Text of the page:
The Duchy of Jülich remained in the possession of the Electors of Palatinate-Bavaria until it was ceded to France in the Peace of Lunéville in February 1801 with effect from March 9, 1801 , which had occupied the Duchy since 1794 in the course of the First Coalition War and how it was thereafter had placed other territories on the left bank of the Rhine under special administration. In 1797, as part of the French “revolutionary export”, there were brief plans to integrate Jülich into a “ subsidiary republic ” called the Cisrhenan Republic . With the adoption of the French constitution of 1802, the areas were placed on an equal footing with the departments in the French heartland.

Through the Congress of Vienna in 1815, Prussia received the duchy with the exception of smaller areas that came to the Dutch province of Limburg , and included it in the Prussian administrative structure. The largest part belonged to the administrative district of Aachen of the province of Grand Duchy of Lower Rhine , the eastern part to the province of Jülich-Kleve-Berg (both provinces were dissolved on June 22, 1822 and united to form the Rhine province ).

coat of arms

The Jülich lion is still part of many local coats of arms in the former area of ​​the duchy
Coat of arms of the Duchy of Jülich
Blazon : "In gold, a striding, black, red-tongued and red-armored lion."
Reasons for the coat of arms: The Jülich lion , in gold a black lion, with red tongues and red armor, is the motif of the coat of arms of many cities and communities in the area of ​​the former duchy.

Ruler of Jülich

Count of Jülich

House Jülich

- First counts in Jülichgau, since 1081 counts of Jülich -

House Jülich-Heimbach

Dukes of Jülich

House Jülich-Heimbach

- From 1393 to 1423 in personal union with Geldern, since 1423 with Berg, since 1437 also Ravensberg -

House Mark

- Since 1521 as ruler of Jülich-Kleve-Berg -

Wittelsbach House

- In personal union with Berg and Pfalz-Neuburg, since 1685 also Electoral Palatinate, since 1777 also Bavaria -

House of Hohenzollern

After Prussia acquired the Rhineland , the Prussian King Friedrich Wilhelm II assumed the title of Duke of Jülich, and he remained connected to the Prussian kingdom until the abdication of the House of Hohenzollern in 1918.

Administrative division

The Duchy of Jülich has been divided into offices since the middle of the 14th century. Several offices were merged or divided differently over time. The following list essentially summarizes the administrative structure in the 18th century.

See also


  • Christian Quix : Contributions to a historical-topographical description of the former Duchy of Jülich . Münster 1840. (reprinted from the magazine for patriotic history and antiquity. Volume 3, issue 1. E-Copy )
  • Ulrike Tornow: The administration of the Jülich-Bergische land taxes during the reign of Count Palatine Wolfgang Wilhelm (1609-1653). Bonn 1974.
  • Wilhelm von Mirbach-Harff: On the territorial history of the Duchy of Jülich. Düren 1874. ( Digitized edition of the University and State Library Düsseldorf )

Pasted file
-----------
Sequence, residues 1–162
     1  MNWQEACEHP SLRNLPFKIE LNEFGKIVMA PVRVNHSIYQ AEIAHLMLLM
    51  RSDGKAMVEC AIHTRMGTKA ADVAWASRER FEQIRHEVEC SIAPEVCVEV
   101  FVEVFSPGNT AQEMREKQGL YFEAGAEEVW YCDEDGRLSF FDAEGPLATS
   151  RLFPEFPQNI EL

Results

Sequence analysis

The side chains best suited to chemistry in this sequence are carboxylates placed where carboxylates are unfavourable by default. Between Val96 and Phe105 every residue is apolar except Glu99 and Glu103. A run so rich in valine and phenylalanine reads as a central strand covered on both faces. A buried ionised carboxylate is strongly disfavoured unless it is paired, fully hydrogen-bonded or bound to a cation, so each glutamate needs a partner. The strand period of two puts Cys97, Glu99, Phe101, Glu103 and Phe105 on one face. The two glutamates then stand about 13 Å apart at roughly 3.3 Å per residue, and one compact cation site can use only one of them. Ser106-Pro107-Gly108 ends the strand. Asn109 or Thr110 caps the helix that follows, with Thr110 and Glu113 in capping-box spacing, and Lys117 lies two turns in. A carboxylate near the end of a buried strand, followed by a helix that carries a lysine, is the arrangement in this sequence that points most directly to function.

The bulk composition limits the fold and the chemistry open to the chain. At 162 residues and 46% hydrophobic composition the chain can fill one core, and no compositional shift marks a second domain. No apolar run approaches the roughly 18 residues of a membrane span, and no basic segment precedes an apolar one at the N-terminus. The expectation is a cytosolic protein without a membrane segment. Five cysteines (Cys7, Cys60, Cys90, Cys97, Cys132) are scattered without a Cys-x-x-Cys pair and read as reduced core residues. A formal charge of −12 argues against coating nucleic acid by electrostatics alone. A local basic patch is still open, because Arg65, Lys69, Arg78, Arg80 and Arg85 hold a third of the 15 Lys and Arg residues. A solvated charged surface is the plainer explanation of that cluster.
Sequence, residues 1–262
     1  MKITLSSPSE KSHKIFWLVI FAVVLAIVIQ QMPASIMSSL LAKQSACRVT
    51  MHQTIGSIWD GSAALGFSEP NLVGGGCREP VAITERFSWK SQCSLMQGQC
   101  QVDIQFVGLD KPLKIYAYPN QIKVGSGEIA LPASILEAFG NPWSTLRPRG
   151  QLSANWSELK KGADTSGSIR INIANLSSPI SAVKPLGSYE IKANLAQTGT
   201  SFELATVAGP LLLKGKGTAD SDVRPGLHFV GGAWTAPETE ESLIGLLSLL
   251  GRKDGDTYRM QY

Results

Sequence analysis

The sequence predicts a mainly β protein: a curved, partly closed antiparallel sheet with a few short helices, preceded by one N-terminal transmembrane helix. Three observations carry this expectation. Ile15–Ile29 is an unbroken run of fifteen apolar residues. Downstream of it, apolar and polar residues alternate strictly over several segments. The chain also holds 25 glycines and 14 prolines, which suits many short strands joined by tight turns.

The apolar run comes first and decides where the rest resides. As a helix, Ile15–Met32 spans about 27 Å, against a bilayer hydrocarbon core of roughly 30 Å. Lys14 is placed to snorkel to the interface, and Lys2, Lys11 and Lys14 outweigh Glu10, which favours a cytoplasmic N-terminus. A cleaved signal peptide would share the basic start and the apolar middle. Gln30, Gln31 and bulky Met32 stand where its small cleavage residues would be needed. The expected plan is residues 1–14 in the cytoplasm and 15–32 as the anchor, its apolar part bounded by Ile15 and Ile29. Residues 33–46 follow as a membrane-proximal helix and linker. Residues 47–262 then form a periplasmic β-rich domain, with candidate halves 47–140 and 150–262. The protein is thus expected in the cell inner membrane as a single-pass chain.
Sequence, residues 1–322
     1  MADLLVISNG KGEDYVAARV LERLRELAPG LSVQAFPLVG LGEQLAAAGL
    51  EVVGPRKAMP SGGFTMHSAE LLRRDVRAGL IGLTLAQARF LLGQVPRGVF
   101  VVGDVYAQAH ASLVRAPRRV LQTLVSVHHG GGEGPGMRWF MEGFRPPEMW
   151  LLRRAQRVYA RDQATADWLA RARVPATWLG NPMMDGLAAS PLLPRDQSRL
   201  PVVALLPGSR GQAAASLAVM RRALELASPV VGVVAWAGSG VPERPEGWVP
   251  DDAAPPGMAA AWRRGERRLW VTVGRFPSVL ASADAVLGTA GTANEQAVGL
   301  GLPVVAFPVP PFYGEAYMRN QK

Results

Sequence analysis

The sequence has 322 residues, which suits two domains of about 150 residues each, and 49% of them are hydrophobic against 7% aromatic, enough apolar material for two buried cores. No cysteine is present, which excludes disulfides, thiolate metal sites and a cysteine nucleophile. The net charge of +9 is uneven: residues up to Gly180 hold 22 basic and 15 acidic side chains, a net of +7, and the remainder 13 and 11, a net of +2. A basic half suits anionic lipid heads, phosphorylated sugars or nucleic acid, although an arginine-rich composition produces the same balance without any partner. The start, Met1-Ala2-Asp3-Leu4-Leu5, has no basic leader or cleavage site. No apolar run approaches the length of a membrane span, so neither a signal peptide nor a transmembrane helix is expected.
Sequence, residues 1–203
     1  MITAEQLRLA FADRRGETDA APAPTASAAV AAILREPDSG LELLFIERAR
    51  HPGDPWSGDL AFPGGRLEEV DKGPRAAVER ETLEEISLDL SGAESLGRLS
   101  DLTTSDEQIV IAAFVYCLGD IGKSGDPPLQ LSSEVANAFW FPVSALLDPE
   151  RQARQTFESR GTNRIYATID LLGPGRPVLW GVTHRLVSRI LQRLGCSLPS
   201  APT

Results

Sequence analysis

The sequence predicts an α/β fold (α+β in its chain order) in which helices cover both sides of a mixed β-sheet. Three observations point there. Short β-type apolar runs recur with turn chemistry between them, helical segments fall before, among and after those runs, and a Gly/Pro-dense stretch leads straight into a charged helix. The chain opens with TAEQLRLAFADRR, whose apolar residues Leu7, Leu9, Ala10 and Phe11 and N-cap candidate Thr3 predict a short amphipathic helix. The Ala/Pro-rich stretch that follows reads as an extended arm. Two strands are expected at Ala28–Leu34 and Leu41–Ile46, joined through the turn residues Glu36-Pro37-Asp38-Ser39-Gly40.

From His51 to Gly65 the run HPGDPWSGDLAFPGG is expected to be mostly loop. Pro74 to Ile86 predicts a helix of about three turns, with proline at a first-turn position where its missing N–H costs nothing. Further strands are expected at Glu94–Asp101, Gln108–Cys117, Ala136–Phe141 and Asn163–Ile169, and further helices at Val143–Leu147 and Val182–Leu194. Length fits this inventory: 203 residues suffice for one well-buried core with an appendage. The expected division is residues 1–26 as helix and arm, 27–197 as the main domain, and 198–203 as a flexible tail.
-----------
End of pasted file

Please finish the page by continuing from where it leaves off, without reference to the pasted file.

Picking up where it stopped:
• Thomas R. Kraus : Jülich, Aachen and the Reich. Studies on the origin of the sovereignty of the Counts of Jülich up to 1328. Aachen 1987.

Web links

Commons : Duchy of Jülich  - collection of images, videos and audio files

Individual evidence

  1. Theodor Joseph Lacomblet in: Document book for the history of the Lower Rhine and the Archbishopric of Cöln, documents 81 of 898, 116 of 1029 and 359 of 1147, the "Jülichgau" is cited. 1840, Volume 1, pp. 43, 103, 246. Digitized edition of the ULB Bonn
  2. ^ Theodor Joseph Lacomblet in: Archive for the history of the Lower Rhine. Volume 1, 1832, p. [56] 474. Online version
  3. Lacomblet, Theodor Joseph: Archive for the history of the Lower Rhine. In: The Lehnhöfe on the Lower Rhine. IV. Volume, 1863, Düsseldorf, p. [393] 381. Online version
  4. ^ Thomas R. Kraus: Jülich Aachen and the realm. 1987, p. 71.
  5. ^ Harleß in: Wilhelm IV., Graf von Jülich. 1898, ADB, Vol. 43, pp. 94-97.
  6. ^ Thomas R. Kraus: Jülich Aachen and the realm. 1987, p. 85.
  7. ^ Theodor Joseph Lacomblet in: Document book for the history of the Lower Rhine and the Archbishopric of Cöln, documents from 729 to 1200, preliminary remarks. Volume 2, p. [33] XXXI. Digitized edition of the ULB Bonn
  8. ^ Thomas R. Kraus: Jülich Aachen and the realm. 1987, p. 2.
  9. Friedrich Haagen in: History of Aachen from its beginnings to the most recent times. 1873, p. [227] 199 .. Digitized edition of the ULB Düsseldorf
  10. Friedrich Haagen in: History of Aachen from its beginnings to the most recent times. 1873, p. [231] 203. Digitized edition of the ULB Düsseldorf
  11. ^ Theodor Joseph Lacomblet in: Document book for the history of the Lower Rhine and the Archbishopric of Cöln, documents from 729 to 1200, preliminary remarks. Volume 2, p. [34] XXXII. Digitized edition of the ULB Bonn
  12. LVR in: The Rhineland in the late Middle Ages (1288 to 1521) . Online version of rheinische-geschichte.lvr.de
  13. ^ Theodor Joseph Lacomblet in: Document book for the history of the Lower Rhine and the Archbishopric of Cöln, preliminary remarks. Volume 3, p. [9] IX Digitized edition of the ULB Bonn
  14. Theodor Joseph Lacomblet in: Document book for the history of the Lower Rhine and the Archbishopric of Cöln, Certificate 409. Volume 3, p. [342] 322 Digitized edition of the ULB Bonn
  15. Theodor Joseph Lacomblet in: Document book for the history of the Lower Rhine and the Archbishopric of Cöln, Certificate 409. Volume 3, p. [11] XI digitized edition of the ULB Bonn
  16. ^ Theodor Joseph Lacomblet in: Document book for the history of the Lower Rhine and the Archbishopric of Cöln, preliminary remarks. Volume 3, p. [11] XI. Digitized edition of the ULB Bonn
  17. a b Yearbook of the Düsseldorfer Geschichtsverein in: Contributions to the history of the Lower Rhine. 1888, Volume 3, p. [32] 27. Online version